Tai Chi Chi Kung - Intro

I started doing Tai Chi in 1991, and picked up Stuart Olsen's book on the Tai Chi Chi Kung form shortly thereafter. His book appears to be out of print, and I have not found another source, so I thought I might also attempt to document the form.

I use this form as my first Martial Arts exercise each morning, after a brief set of range of motion and warm up exercises. When teaching Tai Chi, I use this form as the first introduction to the style, before teaching the Yang style short form.

While the effect of this form may seem very simple and subtle, it really allows the student to focus on relaxation and breathing. When I began doing the form, it helped me release tension in my shoulders and upper back. Soon after that it helped me discover tension in my lower back. Years later I found tension in my buttocks, thighs, neck and stomach.

Without the demands of the stepping form, it can lay bare very basic internal problems. I consider it an invaluable resource.

Like most martial arts forms it can be considered a form of moving meditation. Just sitting meditating in posture has proven too difficult for me. I find that this form gives me just enough to pay attention to that it keeps my mind from wandering, at least too much.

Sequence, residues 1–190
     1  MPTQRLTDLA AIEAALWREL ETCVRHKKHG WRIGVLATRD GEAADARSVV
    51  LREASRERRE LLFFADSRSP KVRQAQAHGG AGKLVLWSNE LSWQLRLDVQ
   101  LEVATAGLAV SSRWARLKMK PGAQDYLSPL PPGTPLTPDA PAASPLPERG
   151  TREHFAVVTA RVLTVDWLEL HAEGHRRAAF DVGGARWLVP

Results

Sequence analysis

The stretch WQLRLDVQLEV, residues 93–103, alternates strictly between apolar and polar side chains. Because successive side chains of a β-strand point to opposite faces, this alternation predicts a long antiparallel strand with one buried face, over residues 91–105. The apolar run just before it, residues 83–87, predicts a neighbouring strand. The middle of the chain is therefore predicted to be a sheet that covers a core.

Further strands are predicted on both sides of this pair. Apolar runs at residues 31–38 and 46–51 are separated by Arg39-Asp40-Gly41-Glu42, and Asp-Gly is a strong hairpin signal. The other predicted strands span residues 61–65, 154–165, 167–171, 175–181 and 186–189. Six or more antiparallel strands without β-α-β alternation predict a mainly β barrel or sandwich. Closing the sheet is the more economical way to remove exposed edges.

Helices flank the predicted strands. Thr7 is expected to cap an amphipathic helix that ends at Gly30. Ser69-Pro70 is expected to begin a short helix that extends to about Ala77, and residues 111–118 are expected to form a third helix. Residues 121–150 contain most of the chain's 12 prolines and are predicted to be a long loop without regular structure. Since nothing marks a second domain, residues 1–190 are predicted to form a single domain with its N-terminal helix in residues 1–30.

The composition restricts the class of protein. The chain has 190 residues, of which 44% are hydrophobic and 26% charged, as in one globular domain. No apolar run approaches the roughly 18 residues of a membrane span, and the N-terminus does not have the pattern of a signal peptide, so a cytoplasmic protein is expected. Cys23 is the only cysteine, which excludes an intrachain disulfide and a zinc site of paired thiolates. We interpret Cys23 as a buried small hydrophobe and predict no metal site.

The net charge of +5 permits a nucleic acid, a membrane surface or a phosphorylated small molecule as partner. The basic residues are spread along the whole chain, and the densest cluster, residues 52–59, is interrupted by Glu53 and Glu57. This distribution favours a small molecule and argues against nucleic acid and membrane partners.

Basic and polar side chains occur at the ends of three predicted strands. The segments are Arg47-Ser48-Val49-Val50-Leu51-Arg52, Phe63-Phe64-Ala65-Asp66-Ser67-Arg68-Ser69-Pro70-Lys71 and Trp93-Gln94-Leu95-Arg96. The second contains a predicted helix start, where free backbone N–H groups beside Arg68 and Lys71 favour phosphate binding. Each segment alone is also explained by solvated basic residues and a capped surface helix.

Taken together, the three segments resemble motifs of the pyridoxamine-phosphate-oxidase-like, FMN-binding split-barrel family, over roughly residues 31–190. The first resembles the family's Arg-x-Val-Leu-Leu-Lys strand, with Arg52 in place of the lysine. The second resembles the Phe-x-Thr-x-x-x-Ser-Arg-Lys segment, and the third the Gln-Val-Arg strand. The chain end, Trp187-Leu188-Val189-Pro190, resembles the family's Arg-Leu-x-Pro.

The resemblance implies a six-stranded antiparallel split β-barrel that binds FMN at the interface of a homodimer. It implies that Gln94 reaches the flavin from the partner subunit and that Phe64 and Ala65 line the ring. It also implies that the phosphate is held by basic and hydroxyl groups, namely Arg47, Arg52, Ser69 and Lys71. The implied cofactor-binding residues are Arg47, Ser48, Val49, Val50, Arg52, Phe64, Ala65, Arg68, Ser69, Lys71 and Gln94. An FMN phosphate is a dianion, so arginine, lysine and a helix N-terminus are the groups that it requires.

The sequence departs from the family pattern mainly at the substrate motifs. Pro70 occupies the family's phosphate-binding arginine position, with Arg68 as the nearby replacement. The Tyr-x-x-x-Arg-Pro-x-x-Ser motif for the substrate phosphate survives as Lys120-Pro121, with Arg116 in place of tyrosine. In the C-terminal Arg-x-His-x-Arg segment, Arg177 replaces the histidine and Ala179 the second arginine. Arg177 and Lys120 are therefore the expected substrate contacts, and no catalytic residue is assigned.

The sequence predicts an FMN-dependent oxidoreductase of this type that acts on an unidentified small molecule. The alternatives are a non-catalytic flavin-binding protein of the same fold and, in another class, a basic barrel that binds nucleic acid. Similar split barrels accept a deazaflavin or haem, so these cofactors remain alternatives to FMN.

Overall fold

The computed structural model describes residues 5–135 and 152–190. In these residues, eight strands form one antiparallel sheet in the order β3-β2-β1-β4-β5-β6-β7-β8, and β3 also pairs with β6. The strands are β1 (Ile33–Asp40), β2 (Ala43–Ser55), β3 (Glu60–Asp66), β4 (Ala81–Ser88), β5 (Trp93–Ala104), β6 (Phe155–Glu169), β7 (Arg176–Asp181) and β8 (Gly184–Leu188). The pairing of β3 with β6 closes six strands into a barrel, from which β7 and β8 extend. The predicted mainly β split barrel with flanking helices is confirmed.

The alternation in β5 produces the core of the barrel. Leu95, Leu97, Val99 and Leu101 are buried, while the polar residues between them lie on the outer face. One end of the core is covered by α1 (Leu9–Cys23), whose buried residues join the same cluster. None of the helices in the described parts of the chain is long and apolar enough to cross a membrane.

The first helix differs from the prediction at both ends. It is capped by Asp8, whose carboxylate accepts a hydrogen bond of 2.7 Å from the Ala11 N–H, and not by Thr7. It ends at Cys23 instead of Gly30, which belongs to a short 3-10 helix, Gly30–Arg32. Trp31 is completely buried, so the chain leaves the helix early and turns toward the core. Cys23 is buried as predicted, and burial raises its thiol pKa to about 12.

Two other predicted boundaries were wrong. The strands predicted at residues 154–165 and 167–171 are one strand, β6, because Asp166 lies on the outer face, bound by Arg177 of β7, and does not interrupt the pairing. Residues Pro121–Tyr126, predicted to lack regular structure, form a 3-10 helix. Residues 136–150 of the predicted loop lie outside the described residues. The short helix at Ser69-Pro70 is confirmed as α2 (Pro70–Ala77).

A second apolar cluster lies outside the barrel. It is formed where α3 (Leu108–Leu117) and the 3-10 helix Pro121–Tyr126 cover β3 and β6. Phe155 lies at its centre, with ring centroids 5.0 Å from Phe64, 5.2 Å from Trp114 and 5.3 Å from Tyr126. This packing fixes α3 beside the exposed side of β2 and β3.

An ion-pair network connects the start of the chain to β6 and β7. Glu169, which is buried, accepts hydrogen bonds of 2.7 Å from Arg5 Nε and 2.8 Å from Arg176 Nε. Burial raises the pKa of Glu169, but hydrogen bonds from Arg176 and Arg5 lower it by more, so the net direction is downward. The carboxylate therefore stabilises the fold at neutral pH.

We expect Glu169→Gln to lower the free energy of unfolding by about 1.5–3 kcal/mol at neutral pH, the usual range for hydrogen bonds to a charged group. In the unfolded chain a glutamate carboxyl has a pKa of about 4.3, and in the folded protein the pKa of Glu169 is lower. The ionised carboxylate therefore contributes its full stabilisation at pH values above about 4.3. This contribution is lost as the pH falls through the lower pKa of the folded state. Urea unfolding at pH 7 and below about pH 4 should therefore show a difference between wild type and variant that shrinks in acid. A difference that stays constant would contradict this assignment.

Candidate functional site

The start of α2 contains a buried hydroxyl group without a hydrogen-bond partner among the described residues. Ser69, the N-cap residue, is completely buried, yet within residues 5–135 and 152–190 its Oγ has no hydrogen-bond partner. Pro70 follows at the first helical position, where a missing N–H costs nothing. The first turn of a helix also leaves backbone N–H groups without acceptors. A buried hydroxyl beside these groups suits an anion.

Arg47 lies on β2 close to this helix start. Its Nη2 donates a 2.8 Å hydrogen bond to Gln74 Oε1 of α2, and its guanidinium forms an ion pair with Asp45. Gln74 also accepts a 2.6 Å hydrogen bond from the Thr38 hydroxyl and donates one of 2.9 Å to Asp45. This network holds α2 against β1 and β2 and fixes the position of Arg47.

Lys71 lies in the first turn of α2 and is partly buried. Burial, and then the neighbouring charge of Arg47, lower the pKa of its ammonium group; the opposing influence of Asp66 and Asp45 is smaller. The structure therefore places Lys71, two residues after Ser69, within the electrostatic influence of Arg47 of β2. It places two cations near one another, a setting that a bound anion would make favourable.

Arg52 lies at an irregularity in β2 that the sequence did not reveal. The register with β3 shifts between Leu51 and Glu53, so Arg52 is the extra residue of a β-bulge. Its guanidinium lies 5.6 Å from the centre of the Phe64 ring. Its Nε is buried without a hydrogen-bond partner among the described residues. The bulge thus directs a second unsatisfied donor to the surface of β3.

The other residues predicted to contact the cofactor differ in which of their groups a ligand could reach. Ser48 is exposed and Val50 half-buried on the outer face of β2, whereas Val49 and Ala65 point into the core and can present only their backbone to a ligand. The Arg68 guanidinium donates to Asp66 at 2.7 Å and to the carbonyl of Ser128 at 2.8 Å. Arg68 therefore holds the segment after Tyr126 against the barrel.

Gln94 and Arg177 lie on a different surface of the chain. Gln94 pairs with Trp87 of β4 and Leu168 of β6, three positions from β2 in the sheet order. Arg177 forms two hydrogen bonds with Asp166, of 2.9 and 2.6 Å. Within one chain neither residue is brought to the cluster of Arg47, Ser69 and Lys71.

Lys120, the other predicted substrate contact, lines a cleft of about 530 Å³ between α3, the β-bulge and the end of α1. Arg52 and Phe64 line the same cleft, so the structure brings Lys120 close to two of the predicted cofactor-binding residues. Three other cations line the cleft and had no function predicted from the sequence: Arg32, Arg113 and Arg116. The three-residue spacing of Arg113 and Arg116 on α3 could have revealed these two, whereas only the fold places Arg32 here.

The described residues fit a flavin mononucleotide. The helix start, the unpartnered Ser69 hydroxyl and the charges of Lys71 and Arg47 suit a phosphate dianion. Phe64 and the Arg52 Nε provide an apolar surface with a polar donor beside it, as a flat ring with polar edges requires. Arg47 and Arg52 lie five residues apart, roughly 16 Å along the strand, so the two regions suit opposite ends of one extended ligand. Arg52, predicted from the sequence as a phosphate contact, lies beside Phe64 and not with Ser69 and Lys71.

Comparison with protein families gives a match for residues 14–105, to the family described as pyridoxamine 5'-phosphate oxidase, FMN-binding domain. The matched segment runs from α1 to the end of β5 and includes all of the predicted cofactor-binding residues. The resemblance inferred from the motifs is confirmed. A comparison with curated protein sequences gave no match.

Olsen recommends a Buddhist breathing sequence that is what I've followed. It has the practical benefit of giving the practitioner something specific on which to focus his attention at all times, and it directs the attention to different parts of the body, which allows for constant reexamination of tension.

One can imagine a light passing from the dan tien point (two inches below and slightly inside the body from the navel) back to and up the spine to the crown of the head on inhaling. The circle continues on exhaling down the face, neck and chest back to the dan tien. Another way to visualize this is to think of a bubbling tube of water circling the body.

I should mention that I don't subscribe to any form of mysticism. There appears to be no scientifically documented medical mechanism for the Chinese system of meridians. But imagining or visualizing these meridians has seemed to be helpful in relaxation.

Below are the images that show the sequence of this form. Each movement takes one cycle of inhalation and exhalation. I show some pictures of the transition between movements in a small image to the right. The text describes the movement below it, starting with the large picture at left. The end of the movement is shown in the following large picture.

In all the movements, even when the arms appear straight, the elbows should not be locked. One general principle of Tai Chi is that every movement keeps something in reserve.

While it is not necessary to have one's eyes closed, I find it helpful in avoiding distractions. It also makes keep one's balance more difficult, and can therefore be a helpful part of the exercize.

1. Begin standing with feet shoulder width apart. Knees should be straight but not locked. Bend both wrists. Forearms rotate very slightly so that fingers face front rather than out slightly towards the sides.